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Relapse Prevention

Drug addiction is a deadly disease that, when left untreated, can ultimately prove to be uncomfortable, dangerous, and even fatal. To properly treat an addiction, simply “not taking it anymore” isn’t quite enough, and medically-supervised treatment is by far the safest way to handle recovery. By ensuring the comfort and happiness of a patient, treatment centers offer the individual the resources they need to achieve and maintain sobriety.

Commonly overlooked in treatment, relapse prevention is essential in making sure that a patient stays sober. Failing within the first months of recovery, anywhere between 40 and 60 percent of people with substance use disorder in treatment end up relapsing. Even after treatment, it is important to be on your toes in making sure that relapse is avoided at all costs.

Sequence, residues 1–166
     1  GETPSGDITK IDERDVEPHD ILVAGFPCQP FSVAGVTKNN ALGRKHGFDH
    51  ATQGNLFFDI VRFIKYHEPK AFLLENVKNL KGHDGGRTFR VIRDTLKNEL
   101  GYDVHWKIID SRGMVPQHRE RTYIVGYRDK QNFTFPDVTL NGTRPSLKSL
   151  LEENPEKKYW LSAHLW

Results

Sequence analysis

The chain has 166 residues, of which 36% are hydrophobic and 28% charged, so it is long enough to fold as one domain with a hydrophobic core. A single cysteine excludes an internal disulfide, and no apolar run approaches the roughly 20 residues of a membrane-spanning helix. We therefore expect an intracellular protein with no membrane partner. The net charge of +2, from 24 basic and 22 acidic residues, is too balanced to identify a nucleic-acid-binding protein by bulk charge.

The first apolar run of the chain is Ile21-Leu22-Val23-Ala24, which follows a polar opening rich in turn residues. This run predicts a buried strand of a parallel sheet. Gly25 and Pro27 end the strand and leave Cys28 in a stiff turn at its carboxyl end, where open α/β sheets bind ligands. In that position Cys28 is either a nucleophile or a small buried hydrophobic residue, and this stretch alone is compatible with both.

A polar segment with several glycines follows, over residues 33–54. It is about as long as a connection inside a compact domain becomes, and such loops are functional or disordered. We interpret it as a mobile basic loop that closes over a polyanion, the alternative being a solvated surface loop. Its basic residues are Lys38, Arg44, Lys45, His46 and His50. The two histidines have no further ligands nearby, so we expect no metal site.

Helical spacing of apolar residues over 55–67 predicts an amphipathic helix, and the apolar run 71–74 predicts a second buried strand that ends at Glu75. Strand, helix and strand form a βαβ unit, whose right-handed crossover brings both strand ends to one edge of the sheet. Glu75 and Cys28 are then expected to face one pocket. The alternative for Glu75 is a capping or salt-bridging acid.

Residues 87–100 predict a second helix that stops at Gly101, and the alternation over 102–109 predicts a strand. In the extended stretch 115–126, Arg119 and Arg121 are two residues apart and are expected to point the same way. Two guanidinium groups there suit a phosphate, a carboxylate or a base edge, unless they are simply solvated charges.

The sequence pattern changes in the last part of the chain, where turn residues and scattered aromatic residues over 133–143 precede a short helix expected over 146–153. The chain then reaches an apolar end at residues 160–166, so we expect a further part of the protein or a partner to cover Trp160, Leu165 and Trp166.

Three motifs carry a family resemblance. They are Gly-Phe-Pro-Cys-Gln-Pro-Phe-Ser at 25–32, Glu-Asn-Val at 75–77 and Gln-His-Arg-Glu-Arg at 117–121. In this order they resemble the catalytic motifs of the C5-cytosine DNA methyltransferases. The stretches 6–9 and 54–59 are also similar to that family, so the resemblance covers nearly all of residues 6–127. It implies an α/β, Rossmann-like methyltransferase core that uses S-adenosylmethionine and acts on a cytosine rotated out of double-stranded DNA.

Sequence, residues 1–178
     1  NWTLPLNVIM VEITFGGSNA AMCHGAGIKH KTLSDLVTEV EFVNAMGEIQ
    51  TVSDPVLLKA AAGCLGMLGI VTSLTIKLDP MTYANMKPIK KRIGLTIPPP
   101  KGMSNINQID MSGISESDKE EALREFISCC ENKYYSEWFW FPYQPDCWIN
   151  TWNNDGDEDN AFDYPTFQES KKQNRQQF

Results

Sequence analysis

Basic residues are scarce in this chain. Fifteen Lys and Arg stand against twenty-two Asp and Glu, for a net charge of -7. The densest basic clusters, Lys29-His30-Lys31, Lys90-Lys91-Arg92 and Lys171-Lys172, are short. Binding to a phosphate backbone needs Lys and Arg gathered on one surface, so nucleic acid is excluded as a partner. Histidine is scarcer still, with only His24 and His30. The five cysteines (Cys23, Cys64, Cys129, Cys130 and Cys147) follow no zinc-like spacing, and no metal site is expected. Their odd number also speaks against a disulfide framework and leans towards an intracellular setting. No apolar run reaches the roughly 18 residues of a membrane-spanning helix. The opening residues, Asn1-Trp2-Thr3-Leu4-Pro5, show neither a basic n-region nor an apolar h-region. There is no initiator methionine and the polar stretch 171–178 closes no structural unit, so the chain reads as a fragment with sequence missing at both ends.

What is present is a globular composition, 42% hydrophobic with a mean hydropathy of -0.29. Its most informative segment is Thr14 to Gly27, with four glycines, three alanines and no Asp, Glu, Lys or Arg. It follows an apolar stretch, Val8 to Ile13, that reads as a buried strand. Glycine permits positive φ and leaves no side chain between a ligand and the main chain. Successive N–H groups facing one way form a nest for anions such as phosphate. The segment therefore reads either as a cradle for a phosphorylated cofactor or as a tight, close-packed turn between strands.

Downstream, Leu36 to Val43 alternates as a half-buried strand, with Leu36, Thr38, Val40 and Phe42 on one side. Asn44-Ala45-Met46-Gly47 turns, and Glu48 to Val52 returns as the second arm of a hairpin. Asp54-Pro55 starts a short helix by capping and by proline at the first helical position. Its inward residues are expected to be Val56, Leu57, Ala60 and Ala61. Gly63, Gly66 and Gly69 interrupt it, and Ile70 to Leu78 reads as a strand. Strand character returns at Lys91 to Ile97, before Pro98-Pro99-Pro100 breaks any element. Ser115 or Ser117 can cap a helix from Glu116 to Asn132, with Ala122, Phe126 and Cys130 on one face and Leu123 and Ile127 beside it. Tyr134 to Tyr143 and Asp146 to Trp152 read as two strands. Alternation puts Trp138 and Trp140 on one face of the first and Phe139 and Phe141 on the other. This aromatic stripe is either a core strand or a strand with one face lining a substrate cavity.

By practicing relapse prevention, people in recovery will enforce positive coping skills that they can apply to their everyday life after treatment. Relapse prevention aids in battling the chances of future developments of addiction and is essential throughout and after recovery. Addiction treatment is not easy, and different people have different cases that may vary in the chance of relapse. In engaging in treatment at a professional center, the risk of relapse is significantly lowered.

Knowing the proper information about relapse and relapse prevention before it happens can be essential while you engage in drug treatment and can easily be the difference between recovery and relapse. 

What Is Relapse Prevention?